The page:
4. Bamboozled

Of all his films, "Bamboozled" is Spike Lee as his most gloriously satirical. A blistering take on the premise of "The Producers," "Bamboozled" stars Damon Wayans as Pierre Delacroix, a television writer who keeps seeing his scripts for thoughtful, intelligent stories about Black Americans rejected. So, he attempts to get fired by pitching a modern-day minstrel show, complete with Black actors in blackface and absurdly stereotypical jokes. To his horror, the show is enthusiastically greenlit and becomes an immediate success. Pierre pivots to enjoying his new fame and fortune, and defending the minstrel show as satire.

Spike Lee amps up the plot to ridiculous proportions, but never lets go of the central question: How do you know what's satirical when you can't control what your audience is laughing at, or why? This question remains deeply important today, which "Bamboozled" makes intensely clear with a poignant montage of an entire century of supposed "comedy."

3. Network

"Network" was released in 1976, but the ensuing years have only proven it more and more right about the shameless lengths mass media will go to for attention. The story of Howard Beale (Peter Finch), a news anchor who snaps on-air and begins ranting about life, seems almost tame compared to the cable news talking heads and conspiracy theory-obsessed radio hosts of today. But the raw emotion of Finch's performance, which he won an Oscar for, shines as an eternal howl of frustration against the demands of the system. In his own immortal words, "I'm mad as hell, and I'm not going to take this anymore!"

The real strength of "Network" is in its depth, courtesy of Paddy Chayefsky's layered script. Amid all the absurd antics on television, a deep story about ethics, love, and changing times plays out, with William Holden and Faye Dunaway representing the old and new ways of producing TV respectively. As the events get more and more ridiculous, the stolen bits of passion and connection feel all the more real and precious.

2. Being There

The brilliance of Hal Ashby's "Being There" is that it executes a ridiculous premise — that a simple-minded gardener could accidentally rise to the top of political society — with subtlety and restraint. Even the casting of the dynamic and elastic Peter Sellers as Chance the gardener (misheard as "Chauncey Gardiner") is a masterstroke, as he delivers a soft performance that simultaneously brims with energy. 

At first glance, "Being There" is a simple and entertaining story about how Chance leaves his secluded life of gardening and television-watching behind in favor of misadventures. But "Being There" is actually a thorough indictment of how easy it is for a white man with the trappings of wealth and the appearance of wisdom to fail upward in American society. Because of the way he dresses and talks, people mistake Chance for a member of the revered elite, and are inclined to interpret his frequent gardening metaphors as deep and valuable wisdom. Business and politics are skewered as insular echo chambers of foolish privilege in a way that remains sharply witty and deeply relevant.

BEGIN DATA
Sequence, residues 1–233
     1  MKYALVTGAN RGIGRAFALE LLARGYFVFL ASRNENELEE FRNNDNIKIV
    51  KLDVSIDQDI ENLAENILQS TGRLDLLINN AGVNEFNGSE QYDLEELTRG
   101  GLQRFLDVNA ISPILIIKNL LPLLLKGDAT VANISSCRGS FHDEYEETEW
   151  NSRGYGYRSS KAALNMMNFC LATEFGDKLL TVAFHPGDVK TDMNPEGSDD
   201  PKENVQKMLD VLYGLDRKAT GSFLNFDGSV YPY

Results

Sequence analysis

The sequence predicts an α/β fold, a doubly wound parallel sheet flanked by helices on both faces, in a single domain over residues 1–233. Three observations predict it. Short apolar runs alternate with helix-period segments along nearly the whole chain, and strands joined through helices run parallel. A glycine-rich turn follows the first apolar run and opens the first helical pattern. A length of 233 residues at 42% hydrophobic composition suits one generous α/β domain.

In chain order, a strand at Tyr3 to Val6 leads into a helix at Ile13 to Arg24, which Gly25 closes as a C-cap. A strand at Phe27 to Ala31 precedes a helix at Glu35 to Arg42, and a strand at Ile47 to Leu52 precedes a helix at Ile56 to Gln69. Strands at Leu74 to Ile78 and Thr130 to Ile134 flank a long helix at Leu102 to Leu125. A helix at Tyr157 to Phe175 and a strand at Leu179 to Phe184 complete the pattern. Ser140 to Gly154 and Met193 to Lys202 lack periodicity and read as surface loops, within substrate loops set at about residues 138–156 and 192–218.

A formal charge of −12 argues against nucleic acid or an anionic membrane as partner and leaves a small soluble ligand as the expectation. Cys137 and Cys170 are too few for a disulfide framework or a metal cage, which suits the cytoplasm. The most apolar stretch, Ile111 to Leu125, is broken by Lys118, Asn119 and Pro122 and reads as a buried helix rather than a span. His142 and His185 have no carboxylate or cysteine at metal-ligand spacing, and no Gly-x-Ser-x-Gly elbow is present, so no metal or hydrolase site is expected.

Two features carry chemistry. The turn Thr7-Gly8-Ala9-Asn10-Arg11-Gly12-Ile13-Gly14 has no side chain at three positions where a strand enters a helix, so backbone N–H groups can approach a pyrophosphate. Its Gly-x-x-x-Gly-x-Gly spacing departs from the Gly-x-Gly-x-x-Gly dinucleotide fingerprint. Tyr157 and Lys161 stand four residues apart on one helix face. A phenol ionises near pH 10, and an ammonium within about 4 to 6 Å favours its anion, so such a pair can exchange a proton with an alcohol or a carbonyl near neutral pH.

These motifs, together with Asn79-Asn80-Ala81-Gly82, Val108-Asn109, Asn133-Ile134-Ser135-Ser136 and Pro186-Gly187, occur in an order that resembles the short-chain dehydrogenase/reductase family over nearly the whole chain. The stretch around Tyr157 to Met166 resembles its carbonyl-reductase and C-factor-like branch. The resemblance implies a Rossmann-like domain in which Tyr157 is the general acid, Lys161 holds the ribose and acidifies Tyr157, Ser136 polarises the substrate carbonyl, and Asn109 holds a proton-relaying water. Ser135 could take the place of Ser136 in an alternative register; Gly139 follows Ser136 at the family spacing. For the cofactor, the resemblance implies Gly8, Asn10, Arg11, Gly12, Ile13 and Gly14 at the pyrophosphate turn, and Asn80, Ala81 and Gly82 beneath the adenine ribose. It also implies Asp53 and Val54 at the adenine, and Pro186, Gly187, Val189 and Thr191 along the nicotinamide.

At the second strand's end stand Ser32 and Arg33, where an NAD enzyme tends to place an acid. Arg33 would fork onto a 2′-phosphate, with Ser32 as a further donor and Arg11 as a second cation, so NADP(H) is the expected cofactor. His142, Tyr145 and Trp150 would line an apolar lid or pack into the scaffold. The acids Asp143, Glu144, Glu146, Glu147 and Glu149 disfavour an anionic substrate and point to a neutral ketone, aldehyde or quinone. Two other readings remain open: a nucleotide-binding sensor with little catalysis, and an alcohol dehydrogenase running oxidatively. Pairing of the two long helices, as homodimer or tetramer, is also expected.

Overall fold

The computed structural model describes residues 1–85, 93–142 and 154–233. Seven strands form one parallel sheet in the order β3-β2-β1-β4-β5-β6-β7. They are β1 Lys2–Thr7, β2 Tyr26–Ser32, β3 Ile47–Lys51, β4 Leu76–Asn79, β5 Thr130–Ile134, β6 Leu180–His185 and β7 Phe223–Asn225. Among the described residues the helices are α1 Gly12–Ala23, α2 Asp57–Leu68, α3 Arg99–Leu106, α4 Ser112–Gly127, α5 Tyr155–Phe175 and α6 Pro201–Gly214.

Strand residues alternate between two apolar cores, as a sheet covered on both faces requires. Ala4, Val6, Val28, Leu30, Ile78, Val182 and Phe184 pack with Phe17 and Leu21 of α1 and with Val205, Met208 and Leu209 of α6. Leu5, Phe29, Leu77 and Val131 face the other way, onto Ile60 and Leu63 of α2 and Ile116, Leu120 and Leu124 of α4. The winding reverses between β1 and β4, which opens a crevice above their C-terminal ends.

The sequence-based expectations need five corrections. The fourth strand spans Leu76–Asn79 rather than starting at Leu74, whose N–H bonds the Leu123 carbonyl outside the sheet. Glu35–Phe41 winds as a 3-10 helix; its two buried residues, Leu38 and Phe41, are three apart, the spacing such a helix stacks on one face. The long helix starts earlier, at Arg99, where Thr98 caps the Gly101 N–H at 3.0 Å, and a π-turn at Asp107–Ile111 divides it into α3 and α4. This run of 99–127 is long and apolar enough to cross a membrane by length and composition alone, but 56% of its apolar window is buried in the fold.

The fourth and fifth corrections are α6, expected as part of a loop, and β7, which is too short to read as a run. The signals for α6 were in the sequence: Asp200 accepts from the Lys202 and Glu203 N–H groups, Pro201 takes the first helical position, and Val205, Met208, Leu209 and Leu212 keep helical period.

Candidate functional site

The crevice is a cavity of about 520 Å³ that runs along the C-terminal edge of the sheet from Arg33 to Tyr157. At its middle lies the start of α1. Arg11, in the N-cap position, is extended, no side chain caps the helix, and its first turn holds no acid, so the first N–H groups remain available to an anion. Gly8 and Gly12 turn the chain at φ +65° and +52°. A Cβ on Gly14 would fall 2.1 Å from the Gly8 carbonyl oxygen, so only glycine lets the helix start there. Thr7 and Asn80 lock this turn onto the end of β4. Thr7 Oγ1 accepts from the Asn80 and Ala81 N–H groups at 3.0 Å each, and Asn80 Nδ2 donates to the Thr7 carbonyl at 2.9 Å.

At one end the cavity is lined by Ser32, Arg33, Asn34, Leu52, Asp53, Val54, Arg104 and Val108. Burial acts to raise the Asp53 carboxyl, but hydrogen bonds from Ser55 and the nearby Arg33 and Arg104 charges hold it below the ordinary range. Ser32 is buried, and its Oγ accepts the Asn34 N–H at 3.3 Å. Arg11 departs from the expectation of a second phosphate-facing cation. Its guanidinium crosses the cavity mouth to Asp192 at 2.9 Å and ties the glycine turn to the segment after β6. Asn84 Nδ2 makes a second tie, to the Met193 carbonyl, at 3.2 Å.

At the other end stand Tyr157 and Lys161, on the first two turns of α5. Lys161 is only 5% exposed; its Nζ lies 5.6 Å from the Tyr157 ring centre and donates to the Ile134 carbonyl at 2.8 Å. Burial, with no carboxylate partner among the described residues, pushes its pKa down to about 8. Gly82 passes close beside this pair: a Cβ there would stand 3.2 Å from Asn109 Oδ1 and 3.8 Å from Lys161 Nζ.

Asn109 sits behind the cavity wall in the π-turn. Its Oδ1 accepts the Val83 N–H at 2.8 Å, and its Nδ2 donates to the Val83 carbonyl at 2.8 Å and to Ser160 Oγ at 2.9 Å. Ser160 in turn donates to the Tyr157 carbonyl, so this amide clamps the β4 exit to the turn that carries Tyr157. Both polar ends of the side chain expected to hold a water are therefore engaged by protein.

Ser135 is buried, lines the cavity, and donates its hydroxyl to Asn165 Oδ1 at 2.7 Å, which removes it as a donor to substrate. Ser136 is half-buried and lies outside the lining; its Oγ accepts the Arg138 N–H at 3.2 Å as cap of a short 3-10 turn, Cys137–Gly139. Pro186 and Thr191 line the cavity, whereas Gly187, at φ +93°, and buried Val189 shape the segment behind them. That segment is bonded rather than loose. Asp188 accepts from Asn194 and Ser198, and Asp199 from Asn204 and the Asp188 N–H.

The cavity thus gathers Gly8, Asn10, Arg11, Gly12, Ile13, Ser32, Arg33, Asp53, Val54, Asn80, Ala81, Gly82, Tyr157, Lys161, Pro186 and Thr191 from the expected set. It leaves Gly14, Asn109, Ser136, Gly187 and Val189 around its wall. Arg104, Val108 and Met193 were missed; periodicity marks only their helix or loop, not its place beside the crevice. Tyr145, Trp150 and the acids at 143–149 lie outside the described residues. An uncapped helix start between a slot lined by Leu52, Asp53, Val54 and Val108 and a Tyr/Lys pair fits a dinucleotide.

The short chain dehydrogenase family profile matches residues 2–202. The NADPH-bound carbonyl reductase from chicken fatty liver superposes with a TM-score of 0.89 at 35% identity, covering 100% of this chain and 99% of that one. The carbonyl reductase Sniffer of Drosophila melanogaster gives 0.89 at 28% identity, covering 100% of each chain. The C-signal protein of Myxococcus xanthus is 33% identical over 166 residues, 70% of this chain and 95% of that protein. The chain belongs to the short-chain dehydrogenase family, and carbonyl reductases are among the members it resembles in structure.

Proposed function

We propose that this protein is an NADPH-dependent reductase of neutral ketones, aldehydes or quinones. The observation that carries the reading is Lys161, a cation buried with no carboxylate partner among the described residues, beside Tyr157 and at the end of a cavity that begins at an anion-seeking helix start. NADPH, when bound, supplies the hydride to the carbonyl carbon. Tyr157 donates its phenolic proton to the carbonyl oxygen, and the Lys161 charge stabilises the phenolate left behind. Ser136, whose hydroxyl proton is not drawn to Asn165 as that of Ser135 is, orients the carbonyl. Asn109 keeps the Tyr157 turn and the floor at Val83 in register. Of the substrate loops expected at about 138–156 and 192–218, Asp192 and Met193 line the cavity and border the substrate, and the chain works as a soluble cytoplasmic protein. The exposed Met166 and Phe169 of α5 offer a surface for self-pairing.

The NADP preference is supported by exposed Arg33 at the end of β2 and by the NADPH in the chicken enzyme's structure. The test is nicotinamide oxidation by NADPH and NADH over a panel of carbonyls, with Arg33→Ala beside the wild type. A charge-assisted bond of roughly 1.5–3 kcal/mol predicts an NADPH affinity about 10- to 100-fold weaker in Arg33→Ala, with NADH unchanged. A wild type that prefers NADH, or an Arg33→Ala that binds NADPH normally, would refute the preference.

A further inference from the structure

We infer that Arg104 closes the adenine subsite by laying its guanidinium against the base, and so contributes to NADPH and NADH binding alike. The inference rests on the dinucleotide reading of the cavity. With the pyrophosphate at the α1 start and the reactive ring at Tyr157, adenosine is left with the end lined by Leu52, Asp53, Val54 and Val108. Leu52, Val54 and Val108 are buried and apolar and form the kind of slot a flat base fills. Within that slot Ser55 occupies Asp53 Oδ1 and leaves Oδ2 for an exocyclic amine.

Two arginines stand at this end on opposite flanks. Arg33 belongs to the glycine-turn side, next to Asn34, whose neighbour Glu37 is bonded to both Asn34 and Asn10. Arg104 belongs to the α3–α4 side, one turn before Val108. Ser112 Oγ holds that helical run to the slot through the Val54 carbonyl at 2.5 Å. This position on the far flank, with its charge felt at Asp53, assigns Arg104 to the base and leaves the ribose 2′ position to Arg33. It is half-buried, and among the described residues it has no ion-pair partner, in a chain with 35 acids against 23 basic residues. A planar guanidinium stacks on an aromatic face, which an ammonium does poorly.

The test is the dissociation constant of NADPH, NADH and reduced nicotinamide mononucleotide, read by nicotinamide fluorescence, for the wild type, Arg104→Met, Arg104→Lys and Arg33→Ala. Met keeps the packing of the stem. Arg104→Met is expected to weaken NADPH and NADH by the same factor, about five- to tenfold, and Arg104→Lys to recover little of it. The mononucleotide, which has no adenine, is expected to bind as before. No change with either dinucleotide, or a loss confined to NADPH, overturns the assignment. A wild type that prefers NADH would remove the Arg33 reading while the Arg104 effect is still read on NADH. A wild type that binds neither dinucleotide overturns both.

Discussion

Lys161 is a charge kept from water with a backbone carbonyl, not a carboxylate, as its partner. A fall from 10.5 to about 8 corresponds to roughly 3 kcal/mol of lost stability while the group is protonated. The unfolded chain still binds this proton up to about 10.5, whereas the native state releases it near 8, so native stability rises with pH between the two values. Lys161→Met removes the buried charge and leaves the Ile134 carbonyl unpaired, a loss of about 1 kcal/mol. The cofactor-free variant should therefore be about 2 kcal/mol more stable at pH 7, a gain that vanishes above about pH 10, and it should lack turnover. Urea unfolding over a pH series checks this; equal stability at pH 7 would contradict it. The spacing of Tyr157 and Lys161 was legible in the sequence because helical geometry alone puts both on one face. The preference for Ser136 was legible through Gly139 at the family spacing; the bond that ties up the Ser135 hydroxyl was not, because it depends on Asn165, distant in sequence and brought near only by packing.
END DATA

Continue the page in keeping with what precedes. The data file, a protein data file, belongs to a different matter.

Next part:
1. Dr. Strangelove

The world has lived with an unbearable, impossible tension since nuclear weapons were developed. At any moment, one press of the button could end the world as we know it. "Dr. Strangelove or: How I Learned to Stop Worrying and Love the Bomb" is an indispensable cry of anguish regarding this absurd situation. One of the best films in Stanley Kubrick's excellent filmography, "Dr. Strangelove" is the pinnacle of satire. It's committed to a dry, slow-burning comic tension that rises to a crescendo just when the bombs finally go off.

The great Peter Sellers is the highlight of the cast in his signature triple role of Lionel Mandrake, Merkin Muffley, and Dr. Strangelove. He works brilliantly alongside George C. Scott as Buck Turgidson and James Earl Jones as Lothar Zogg. "Dr. Strangelove" is funny from scene to scene, with endlessly quotable dialogue and top-notch physical comedy. But it also tells one of the most important satirical stories of the past century. The world could end at any moment, even though the Cold War has come to an end. "Dr. Strangelove" reminds us to laugh in the face of this tension.